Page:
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Called to Action


The need for a coherent innovation policy for the UK



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Whilst it is not good news for most for those most severely impacted by the current cost of living crisis, it at least might create a focus around the need to address long standing and systemic issues that Britain faces around productivity and economic growth. 

The UK is not alone in facing a crisis brought on by high inflation which has been driven by global factors, but recent analysis from the Nuffield Foundation suggests that average UK families are now £8,800 a year worse off than an average of 5 comparable countries and the gap has increased over the past 15 years[1]. Although some financial support has been put in place to address the immediate energy crisis and a series of industrial disputes have arisen in both the public and private sectors, these do not address the real root cause of the problem – wealth can only be increased in a sustainable way by addressing the lack of economic growth, poor productivity and dramatic demographic and variations in incomes across the UK.

The current government appears to have exacerbated the long-standing mistake confusing science and innovation. For sure, science can be a launch pad forinnovation but other factors such as access to investment, skills supply, commercial markets all matter. The UK still has a dominant role in science as demonstrated by recent statistics, and it is understandable that many want to protect this. But equally the decline in living standards and the competitiveness of the UK compared to many of our peers is a clear sign that other things are amiss and being a “Science Superpower” will not alone fix the issue. We need to identify and address this weakest links in our innovation ecosystem and pay more attention to exporting products rather than raw science. Initiatives like Aria (the underpowered UK version of DARPA) have a high risk of failure and any benefits will be way out in the future. We need policies that will stimulate faster and more urgent growth.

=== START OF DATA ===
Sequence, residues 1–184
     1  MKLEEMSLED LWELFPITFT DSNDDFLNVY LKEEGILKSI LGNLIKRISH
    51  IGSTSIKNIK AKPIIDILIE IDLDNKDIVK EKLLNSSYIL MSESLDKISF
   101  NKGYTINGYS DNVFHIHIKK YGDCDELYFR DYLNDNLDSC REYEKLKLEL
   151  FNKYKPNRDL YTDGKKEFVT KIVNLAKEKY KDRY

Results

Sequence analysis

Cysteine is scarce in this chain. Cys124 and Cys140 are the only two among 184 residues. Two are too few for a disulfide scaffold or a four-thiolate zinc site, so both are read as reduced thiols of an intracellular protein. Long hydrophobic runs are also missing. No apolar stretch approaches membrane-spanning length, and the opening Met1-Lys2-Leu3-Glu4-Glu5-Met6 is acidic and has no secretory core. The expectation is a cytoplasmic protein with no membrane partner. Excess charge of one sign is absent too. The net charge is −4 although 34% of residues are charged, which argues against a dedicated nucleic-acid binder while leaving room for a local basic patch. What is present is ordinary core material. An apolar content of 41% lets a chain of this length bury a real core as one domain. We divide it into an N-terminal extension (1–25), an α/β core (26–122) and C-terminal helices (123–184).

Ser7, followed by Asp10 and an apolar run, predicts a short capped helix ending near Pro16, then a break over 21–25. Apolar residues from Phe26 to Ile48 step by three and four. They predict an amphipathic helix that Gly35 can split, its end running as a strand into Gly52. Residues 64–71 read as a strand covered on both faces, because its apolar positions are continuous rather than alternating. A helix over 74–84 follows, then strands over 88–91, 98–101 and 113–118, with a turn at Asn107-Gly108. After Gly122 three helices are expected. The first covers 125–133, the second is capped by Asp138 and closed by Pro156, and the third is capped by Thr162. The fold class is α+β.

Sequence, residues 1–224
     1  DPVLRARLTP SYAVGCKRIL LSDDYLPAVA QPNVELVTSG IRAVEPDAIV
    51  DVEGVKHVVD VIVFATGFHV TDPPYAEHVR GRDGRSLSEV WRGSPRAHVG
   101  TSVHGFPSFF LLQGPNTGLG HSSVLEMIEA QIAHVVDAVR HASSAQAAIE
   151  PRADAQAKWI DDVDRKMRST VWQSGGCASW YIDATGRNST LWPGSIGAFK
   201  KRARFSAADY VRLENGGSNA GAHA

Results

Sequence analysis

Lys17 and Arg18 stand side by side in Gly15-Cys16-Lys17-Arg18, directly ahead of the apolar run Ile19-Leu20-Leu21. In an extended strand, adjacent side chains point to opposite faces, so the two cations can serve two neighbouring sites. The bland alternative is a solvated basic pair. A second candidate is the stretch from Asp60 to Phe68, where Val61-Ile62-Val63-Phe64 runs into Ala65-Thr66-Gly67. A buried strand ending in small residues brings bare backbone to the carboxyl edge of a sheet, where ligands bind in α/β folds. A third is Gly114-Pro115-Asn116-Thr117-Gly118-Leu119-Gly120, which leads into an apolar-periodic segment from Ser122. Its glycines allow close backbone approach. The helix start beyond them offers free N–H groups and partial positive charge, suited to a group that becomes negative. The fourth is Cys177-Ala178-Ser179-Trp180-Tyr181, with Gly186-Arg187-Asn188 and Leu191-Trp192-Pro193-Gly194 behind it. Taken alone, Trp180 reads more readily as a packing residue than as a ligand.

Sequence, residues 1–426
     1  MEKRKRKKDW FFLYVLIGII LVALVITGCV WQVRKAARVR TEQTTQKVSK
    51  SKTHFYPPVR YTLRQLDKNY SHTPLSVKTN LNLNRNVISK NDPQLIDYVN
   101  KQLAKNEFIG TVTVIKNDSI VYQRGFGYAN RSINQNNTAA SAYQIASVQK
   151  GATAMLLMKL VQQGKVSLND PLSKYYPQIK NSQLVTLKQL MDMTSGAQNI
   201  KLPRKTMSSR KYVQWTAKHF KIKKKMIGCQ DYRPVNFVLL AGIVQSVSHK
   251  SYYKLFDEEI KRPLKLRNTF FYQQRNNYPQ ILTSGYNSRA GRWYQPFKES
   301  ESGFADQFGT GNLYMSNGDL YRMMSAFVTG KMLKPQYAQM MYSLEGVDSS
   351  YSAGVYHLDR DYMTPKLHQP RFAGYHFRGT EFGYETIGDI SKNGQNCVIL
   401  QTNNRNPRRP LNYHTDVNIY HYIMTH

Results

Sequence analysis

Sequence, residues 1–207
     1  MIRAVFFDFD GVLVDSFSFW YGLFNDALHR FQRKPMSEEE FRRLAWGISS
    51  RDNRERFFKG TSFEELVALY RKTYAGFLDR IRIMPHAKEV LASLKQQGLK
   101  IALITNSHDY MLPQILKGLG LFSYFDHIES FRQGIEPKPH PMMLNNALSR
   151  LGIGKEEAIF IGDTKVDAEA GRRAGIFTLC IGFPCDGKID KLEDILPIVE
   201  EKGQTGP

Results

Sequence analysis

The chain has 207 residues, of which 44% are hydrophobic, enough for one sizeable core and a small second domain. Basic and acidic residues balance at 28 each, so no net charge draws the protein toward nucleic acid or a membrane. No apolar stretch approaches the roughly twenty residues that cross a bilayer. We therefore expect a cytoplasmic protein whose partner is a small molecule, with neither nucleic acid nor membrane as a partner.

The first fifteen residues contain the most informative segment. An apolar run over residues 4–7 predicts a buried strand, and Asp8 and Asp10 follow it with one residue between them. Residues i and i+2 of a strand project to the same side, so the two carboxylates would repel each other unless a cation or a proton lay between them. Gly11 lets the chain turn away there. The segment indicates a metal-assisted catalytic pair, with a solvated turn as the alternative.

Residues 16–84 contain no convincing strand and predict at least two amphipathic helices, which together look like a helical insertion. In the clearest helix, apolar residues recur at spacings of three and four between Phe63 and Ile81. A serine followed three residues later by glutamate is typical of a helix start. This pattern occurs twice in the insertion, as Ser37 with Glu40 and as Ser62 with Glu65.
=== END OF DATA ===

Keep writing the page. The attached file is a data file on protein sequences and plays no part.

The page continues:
All is not grim, there are many positives the UK can look towards. But it is time for focus and action. Beyond helping those most affected by the cost of living crisis, we need to establish a credible industrial strategy. Hopefully now that the financial crisis that was triggered by inflation and the rash dash for growth initiated by the short-lived Truss administration, has been stabilized in the Autumn statement, 2023 will see some clearer policies to support economic growth. As reported in our recent newsletter[2], The Prime Minister suggested three areas of focus in supporting innovation;

(1) harness innovation for economic growth,

(2) embed innovation in public services and

(3) teach people the skills to be great innovators.

The time has come to see policies being developed that will turn these into practice. And to formulate these, we need active debate with all the key stakeholders who have a role in translating our science base into the innovation that will drive growth. The R&D Society, along with is partners looks forward to playing its role in this process.

[1] AverageUK families £8,800 a year worse off than in comparable countries, Nuffield
Foundation, July 2023

[2] R&DSociety New Year 2023 Newsletter,